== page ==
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Socio-economic divergence in public opinions about preventive obesity regulations: Is the purpose to 'make some things cheaper, more affordable' or to 'help them get over their own ignorance'?

Journal Article


Abstract


  • The potential for regulatory measures to address escalating rates of obesity is widely acknowledged in public health circles. Many advocates support regulations for their potential to reduce health inequalities, in light of the well-documented social gradient in obesity. This paper examines how different social groups understand the role of regulations and other public health interventions in addressing obesity. Drawing upon focus group data from a metropolitan city in southern Australia, we argue that implementing obesity regulations without attention to the ways in which disadvantaged communities problematise obesity may lead to further stigmatisation of this key target population. Tuana's work on the politics of ignorance, and broader literature on classed asymmetries of power, provides a theoretical framework to demonstrate how middle class understandings of obesity align with dominant 'obesity epidemic' discourses. These position obese people as lacking knowledge; underpinning support for food labelling and mandatory nutrition education for welfare recipients as well as food taxes. In contrast, disadvantaged groups emphasised the potential for a different set of interventions to improve material circumstances that constrain their ability to act upon existing health promotion messages, while also describing priorities of everyday living that are not oriented to improving health status. Findings demonstrate how ignorance is produced as an explanation for obesity, widely replicated in political settings and mainstream public health agendas. This politics of ignorance and its logical reparation serve to reproduce power relations in which particular groups are constructed as lacking capacity to act on knowledge, whilst maintaining others in privileged positions of knowing.

Authors


  •   Farrell, Lucy C. (external author)
  •   Warin, Megan (external author)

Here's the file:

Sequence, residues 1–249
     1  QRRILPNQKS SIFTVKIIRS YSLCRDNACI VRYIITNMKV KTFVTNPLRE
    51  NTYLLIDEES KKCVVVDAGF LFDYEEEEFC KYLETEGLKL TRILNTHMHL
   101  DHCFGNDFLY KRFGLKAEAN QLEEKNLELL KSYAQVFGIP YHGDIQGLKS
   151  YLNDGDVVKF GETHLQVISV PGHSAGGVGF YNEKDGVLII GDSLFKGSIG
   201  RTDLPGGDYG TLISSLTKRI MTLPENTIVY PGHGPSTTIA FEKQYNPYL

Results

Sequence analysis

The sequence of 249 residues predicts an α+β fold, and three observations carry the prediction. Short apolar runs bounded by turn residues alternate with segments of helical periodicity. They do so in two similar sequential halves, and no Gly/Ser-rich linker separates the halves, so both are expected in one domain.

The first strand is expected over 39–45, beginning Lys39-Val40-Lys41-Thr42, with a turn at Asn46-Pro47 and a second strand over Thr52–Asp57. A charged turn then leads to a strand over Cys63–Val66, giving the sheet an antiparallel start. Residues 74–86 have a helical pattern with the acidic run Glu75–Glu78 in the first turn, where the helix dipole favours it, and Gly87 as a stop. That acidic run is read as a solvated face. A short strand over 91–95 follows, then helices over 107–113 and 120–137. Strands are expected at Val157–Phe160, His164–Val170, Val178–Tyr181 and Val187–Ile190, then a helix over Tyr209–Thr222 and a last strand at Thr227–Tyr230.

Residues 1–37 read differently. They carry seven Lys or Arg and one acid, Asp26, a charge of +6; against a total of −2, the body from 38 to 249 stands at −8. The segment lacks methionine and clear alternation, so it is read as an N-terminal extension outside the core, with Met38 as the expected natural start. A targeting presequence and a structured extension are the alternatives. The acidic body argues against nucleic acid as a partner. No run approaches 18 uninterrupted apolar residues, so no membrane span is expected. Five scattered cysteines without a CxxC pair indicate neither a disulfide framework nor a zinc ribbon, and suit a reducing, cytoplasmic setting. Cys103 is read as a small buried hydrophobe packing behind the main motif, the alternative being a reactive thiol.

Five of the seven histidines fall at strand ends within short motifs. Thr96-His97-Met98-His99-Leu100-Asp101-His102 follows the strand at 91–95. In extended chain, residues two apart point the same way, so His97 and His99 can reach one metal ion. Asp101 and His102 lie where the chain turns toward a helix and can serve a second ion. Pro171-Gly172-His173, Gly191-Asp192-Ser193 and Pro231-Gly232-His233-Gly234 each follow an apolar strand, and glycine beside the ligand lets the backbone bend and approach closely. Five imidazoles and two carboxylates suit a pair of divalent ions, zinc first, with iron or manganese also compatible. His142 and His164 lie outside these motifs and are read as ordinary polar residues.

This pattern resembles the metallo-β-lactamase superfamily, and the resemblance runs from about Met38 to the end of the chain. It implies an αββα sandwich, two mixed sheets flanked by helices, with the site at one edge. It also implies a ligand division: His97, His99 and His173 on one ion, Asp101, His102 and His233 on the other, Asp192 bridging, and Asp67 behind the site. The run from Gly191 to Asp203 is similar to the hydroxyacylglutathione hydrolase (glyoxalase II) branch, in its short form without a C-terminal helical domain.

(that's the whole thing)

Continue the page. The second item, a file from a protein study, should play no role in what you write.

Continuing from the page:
•   Moore, Vivienne (external author)
  •   Street, Jackie

Publication Date


  • 2016

Citation


  • Farrell, L. C., Warin, M. J., Moore, V. M. & Street, J. M. (2016). Socio-economic divergence in public opinions about preventive obesity regulations: Is the purpose to 'make some things cheaper, more affordable' or to 'help them get over their own ignorance'?. Social Science and Medicine, 154 1-8.

Scopus Eid


  • 2-s2.0-84959340089

Number Of Pages


  • 7

Start Page


  • 1

End Page


  • 8

Volume


  • 154

Place Of Publication


  • United Kingdom

Abstract


  • The potential for regulatory measures to address escalating rates of obesity is widely acknowledged in public health circles. Many advocates support regulations for their potential to reduce health inequalities, in light of the well-documented social gradient in obesity. This paper examines how different social groups understand the role of regulations and other public health interventions in addressing obesity. Drawing upon focus group data from a metropolitan city in southern Australia, we argue that implementing obesity regulations without attention to the ways in which disadvantaged communities problematise obesity may lead to further stigmatisation of this key target population. Tuana's work on the politics of ignorance, and broader literature on classed asymmetries of power, provides a theoretical framework to demonstrate how middle class understandings of obesity align with dominant 'obesity epidemic' discourses. These position obese people as lacking knowledge; underpinning support for food labelling and mandatory nutrition education for welfare recipients as well as food taxes. In contrast, disadvantaged groups emphasised the potential for a different set of interventions to improve material circumstances that constrain their ability to act upon existing health promotion messages, while also describing priorities of everyday living that are not oriented to improving health status. Findings demonstrate how ignorance is produced as an explanation for obesity, widely replicated in political settings and mainstream public health agendas. This politics of ignorance and its logical reparation serve to reproduce power relations in which particular groups are constructed as lacking capacity to act on knowledge, whilst maintaining others in privileged positions of knowing.

Authors


  •   Farrell, Lucy C. (external author)
  •   Warin, Megan (external author)
  •   Moore, Vivienne (external author)
  •   Street, Jackie

Publication Date


  • 2016

Citation


  • Farrell, L. C., Warin, M. J., Moore, V. M. & Street, J. M. (2016). Socio-economic divergence in public opinions about preventive obesity regulations: Is the purpose to 'make some things cheaper, more affordable' or to 'help them get over their own ignorance'?. Social Science and Medicine, 154 1-8.

Scopus Eid


  • 2-s2.0-84959340089

Number Of Pages


  • 7

Start Page


  • 1

End Page


  • 8

Volume


  • 154

Place Of Publication


  • United Kingdom